‘South Carolina Lowcountry’ South of Conroe; Previewing the Houston Chronicle’s New Digs; Inside Those Shot-Trot Kit Homes

Aerial View of Downtown Houston

Photo of Downtown: Russell Hancock via Swamplot Flickr Pool


4 Comment

  • Brett’s patio design on his website is awesome but he seems too busy to get in touch for smaller projects. Is this the case? I can understand he probably really busy since no one else does his style of work. Has anyone had any luck? Who else is town can build a steel patio frame with a wood roof and fan and make it look cool?

  • Re: Income Mobility. I was looking at that NY Times article yesterday and then went over to the website for the organization that published the data. They have a metric called “Absolute Upward Mobility” which is much much more meaningful than what is presented in the Times. It adjusts for factors such as local costs of living, and that is really important since household income is being divided into quartiles at the national level. Obviously, somebody can be very poor in some places on the median national income and quite well off in other places.

    When you do that and you look at MSAs, then Houston actually performs really well by comparison with other large cities. When you rank it that way, the top cities list in descending order is Salt Lake City, San Jose, Boston, Minneapolis, San Francisco, San Diego, New York City, Los Angeles, Seattle, Washington D.C, Houston, Riverside, Denver, Portland OR, San Antonio, Dallas/Fort Worth, Philadelphia, Phoenix, Austin, Miami, Las Vegas… and so on.

    In the Houston MSA, a child born to the 25% percentile of families by income would be expected to rise into the the 42.9th percentile as an adult. To put that in perspective, the top big city is Salt Lake City clocks in at 45.8. San Antonio, DFW, and Austin are 41.1, 40.9, and 40.0.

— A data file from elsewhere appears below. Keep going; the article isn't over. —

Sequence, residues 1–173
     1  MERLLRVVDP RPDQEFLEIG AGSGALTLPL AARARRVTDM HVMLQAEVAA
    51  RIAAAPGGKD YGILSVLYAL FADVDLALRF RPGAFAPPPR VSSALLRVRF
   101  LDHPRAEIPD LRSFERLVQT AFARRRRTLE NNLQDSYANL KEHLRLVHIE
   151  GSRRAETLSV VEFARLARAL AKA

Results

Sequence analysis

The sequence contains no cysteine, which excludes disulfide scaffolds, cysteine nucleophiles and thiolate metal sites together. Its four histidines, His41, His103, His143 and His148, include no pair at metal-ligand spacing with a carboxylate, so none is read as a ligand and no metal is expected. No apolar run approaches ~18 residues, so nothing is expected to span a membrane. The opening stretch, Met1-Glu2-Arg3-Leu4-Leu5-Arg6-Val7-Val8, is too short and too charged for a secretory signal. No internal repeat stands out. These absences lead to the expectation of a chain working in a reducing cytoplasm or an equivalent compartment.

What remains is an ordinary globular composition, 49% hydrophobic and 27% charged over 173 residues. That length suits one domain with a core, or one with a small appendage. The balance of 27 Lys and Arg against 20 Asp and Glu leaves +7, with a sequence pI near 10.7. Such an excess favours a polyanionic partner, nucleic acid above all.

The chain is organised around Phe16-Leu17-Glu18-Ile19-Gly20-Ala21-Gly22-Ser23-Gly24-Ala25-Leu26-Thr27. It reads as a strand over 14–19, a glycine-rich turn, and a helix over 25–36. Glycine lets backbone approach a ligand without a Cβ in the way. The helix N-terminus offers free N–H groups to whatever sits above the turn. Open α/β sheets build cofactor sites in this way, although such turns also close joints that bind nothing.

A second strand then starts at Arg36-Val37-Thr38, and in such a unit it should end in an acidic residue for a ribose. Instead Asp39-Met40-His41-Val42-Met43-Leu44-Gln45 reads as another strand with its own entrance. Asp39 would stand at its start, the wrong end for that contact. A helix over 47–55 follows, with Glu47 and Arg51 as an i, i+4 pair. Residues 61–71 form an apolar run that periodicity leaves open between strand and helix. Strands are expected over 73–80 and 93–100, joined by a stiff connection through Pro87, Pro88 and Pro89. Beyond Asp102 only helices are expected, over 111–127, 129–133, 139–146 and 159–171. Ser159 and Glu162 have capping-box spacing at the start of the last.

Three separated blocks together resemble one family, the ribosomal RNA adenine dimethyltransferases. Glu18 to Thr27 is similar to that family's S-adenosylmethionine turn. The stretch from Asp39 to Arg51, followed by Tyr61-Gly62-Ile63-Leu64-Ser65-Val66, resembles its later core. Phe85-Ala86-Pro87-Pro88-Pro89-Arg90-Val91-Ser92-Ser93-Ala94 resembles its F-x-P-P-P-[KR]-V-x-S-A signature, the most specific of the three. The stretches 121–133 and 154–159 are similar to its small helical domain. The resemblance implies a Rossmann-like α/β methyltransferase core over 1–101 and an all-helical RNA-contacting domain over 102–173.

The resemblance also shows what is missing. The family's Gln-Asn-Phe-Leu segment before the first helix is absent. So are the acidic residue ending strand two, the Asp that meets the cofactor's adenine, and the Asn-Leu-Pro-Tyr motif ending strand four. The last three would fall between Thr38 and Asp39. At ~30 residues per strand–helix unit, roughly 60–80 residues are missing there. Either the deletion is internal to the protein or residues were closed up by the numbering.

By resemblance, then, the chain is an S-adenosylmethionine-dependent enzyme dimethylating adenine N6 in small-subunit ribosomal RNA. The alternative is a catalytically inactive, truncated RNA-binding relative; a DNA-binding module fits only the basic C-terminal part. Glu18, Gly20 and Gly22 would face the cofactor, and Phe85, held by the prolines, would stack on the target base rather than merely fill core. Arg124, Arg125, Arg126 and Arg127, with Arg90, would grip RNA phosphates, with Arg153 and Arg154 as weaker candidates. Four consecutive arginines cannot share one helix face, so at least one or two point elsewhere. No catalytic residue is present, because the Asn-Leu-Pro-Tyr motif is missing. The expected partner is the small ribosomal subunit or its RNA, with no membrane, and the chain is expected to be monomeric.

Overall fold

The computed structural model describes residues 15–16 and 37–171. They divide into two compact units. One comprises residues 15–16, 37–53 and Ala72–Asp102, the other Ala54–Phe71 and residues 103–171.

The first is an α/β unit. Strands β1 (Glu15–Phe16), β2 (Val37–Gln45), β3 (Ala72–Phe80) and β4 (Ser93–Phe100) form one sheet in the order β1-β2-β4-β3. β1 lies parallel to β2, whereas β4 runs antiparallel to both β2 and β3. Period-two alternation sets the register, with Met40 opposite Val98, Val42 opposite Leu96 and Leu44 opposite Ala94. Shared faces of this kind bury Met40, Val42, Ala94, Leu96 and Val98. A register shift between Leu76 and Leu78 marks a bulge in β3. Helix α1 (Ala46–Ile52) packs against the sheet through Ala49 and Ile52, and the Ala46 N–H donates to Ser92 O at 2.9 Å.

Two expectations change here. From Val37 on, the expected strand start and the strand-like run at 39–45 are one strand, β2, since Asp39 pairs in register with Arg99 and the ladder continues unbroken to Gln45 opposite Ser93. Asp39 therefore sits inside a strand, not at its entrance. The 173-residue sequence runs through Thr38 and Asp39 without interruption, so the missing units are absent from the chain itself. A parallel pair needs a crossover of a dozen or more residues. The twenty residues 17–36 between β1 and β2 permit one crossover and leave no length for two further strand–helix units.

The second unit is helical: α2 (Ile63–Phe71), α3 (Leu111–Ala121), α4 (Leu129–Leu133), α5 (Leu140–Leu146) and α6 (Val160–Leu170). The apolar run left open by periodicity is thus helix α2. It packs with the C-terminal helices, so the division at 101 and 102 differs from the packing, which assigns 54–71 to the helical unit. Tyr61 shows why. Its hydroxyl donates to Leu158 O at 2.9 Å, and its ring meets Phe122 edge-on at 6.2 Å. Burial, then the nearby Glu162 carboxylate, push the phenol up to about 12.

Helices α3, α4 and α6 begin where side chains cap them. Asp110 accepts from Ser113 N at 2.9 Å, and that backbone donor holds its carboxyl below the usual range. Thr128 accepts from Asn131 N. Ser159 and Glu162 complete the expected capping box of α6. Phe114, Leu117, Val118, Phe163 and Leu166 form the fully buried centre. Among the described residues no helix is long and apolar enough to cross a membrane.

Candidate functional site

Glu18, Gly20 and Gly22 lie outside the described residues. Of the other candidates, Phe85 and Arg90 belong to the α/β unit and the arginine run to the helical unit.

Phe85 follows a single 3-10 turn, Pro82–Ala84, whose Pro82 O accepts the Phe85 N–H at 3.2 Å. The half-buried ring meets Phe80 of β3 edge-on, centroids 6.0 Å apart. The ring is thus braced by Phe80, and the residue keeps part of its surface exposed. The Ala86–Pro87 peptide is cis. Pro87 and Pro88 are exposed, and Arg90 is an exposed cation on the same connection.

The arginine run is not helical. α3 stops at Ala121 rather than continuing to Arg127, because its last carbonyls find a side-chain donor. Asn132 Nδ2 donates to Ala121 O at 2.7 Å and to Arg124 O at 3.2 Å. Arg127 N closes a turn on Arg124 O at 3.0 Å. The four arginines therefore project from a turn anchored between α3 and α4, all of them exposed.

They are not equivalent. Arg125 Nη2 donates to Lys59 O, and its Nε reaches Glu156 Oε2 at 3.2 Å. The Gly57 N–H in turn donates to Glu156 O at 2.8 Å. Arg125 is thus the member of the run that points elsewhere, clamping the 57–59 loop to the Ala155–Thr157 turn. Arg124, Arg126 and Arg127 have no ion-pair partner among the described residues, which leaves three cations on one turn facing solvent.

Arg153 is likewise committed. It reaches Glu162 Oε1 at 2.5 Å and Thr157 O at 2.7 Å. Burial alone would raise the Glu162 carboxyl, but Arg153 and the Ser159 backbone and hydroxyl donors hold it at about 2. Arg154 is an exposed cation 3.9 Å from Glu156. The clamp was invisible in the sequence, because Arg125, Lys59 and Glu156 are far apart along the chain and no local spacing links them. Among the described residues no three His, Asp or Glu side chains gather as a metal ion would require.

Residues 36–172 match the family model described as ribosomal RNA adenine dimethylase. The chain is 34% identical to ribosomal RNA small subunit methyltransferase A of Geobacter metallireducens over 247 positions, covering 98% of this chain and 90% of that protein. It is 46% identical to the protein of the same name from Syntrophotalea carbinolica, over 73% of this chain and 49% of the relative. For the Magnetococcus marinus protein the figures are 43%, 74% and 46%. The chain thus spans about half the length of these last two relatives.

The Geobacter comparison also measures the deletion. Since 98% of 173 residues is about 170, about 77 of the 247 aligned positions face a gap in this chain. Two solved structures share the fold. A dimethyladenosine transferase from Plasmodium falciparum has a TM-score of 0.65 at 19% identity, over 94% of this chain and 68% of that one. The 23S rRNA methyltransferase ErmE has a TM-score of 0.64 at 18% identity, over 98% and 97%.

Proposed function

The bottom of the list is mostly populated by the deep south, Appalachia, and parts of the rust belt. The very worst cities were Memphis (33.7), Charlotte (35.6), Atlanta (36.1), and Indianapolis (37.2). Actually, as a region (both urban and rural) Texas did well. Our border cities did exceptionally well. West Texas ranks well at the present time, probably for all the reasons that you’d expect. And there were some other pleasant surprises in there. Another thing, there’s not a single city in Texas ranked lower than Waco or Texarkana (both 39.1), but there are 103 other cities behind Waco on a list of 380 cities.

    One of the more controversial findings (and they specifically acknowledge this on their website) was that a child that grows up in a place with any significant black population (regardless of the racial composition of their own family) is far worse off than a child that did not.

  • @Need-a-Patio, try contacting McDugald-Steele. I’m sure they can come up with something you like, the biggest limitation would be your budget.